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ACJ Responds to Charge That It Is Out of the Jewish Community’s “Consensus”

Allan C. Brownfeld
Special Interest Report
August 2011

An article in The Jerusalem Post of June 6, 2011 concerning divisions within the American Jewish community with regard to Israel, declares that the American Council for Judaism is outside of the community’s “consensus” on the subject.  
In response, Allan C. Brownfeld, editor of Council publications, responded in a letter which was published in The Jerusalem Post of July 4, 2011.  
The letter declares:  
In “A Split Community, “about sharp divisions within the American Jewish community with regard to Israel, Prof. Jonathan Sarna is quoted as saying, “In the late 1940s, the supporters of the American Council for Judaism (ACJ) were effectively written out of the community’s consensus.  
For more than 60 years, the ACJ has proclaimed that Judaism is a religion of universal values, not a nationality. Judaism is centered on the worship of God, not the idolatry or worship of any political entity. Americans of Jewish faith are American by nationality and Jews by religion — just as other Americans are Protestant, Catholic, or Muslim.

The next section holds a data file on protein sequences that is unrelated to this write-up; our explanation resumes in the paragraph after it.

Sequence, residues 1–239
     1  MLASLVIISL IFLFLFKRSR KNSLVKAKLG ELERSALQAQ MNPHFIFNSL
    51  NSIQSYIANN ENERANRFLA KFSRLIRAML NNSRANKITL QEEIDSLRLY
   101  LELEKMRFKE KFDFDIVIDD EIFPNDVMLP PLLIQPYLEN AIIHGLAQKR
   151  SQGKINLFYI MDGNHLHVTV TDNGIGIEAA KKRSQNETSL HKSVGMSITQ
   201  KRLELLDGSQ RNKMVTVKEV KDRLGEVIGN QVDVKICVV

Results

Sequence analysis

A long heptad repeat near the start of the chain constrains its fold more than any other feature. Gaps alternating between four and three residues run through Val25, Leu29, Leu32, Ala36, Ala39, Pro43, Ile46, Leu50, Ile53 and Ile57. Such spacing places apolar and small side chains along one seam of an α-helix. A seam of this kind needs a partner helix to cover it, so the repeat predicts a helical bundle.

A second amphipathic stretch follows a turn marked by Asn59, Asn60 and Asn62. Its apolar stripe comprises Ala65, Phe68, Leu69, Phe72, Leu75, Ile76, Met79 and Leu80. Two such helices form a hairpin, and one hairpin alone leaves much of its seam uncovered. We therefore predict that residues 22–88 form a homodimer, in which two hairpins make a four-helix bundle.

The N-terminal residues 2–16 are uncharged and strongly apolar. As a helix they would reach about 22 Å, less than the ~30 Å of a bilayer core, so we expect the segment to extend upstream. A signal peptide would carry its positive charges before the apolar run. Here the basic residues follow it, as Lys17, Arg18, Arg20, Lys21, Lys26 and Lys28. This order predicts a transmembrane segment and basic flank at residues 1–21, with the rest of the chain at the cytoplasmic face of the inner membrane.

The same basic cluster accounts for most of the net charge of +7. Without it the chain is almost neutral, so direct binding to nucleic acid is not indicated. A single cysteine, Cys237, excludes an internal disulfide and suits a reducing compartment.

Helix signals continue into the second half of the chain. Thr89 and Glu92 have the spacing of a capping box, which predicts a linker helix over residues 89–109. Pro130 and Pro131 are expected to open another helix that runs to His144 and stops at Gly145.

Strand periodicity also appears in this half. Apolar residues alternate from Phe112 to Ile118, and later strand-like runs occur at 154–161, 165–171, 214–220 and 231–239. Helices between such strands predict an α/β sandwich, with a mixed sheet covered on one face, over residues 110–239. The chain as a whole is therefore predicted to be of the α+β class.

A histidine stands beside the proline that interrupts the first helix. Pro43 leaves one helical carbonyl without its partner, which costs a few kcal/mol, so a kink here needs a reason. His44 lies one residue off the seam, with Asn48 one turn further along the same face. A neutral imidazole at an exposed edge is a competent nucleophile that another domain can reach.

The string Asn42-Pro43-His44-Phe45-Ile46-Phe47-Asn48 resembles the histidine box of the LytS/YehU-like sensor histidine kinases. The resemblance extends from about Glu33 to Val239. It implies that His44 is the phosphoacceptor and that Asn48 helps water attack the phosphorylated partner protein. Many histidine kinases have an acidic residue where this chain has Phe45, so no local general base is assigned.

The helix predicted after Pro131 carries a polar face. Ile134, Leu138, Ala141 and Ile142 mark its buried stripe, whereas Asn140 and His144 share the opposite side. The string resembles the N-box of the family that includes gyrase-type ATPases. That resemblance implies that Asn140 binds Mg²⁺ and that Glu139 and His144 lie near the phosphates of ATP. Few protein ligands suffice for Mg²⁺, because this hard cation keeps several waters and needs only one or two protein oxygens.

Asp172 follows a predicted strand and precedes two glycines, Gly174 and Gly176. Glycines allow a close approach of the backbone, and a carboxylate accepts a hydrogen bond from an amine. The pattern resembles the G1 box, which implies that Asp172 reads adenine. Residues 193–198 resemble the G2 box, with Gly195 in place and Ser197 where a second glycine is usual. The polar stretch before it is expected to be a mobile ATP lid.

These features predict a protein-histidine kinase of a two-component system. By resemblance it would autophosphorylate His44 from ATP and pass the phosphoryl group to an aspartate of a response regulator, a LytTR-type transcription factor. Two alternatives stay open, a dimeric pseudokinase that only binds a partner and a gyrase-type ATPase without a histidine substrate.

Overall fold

The reality is that there is a silent majority of American Jews who are not represented by the national organiza-tions which speak in their name. Through the very fabric of their lives, they reject the basic tenets of Zionism, that Israel is the “homeland” of all Jews and that Jews living elsewhere in the world are in “exile.”  
The Israeli government, sadly, has never recognized that Jewish Americans are very much at home and are not “Israelis in exile.” Prime Minister Benjamin Netanyahu has repeatedly called upon American Jews to make a “mass aliya” to Israel. No other foreign government argues that millions of Americans — because of their religion — are in “exile” in the United States and that their real “homeland” is that foreign country. While we wish Israel well and hope for a lasting peace in the Middle East, we believe that Israel should content itself with being the government of its own citizens.  
The American Council for Judaism, in our view, represents the views of the vast majority of Jewish Americans. As early as 1841, at the dedication ceremony of Temple Beth Elohim in Charleston, South Carolina, Rabbi Gustav Poznanski declared; “This country is our Palestine, this city our Jerusalem, this house of God our temple.”  
How can it be, then, that the ACJ is, somehow, outside the “consensus” views of American Jews? •  

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